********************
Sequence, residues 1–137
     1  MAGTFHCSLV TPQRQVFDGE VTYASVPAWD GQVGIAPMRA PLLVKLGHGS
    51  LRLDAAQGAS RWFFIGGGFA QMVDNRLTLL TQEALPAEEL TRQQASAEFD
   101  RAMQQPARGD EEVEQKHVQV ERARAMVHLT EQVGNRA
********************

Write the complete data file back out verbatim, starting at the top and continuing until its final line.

Sequence, residues 1–137
     1  MAGTFHCSLV TPQRQVFDGE VTYASVPAWD GQVGIAPMRA PLLVKLGHGS
    51  LRLDAAQGAS RWFFIGGGFA QMVDNRLTLL TQEALPAEEL TRQQASAEFD
   101  RAMQQPARGD EEVEQKHVQV ERARAMVHLT EQVGNRA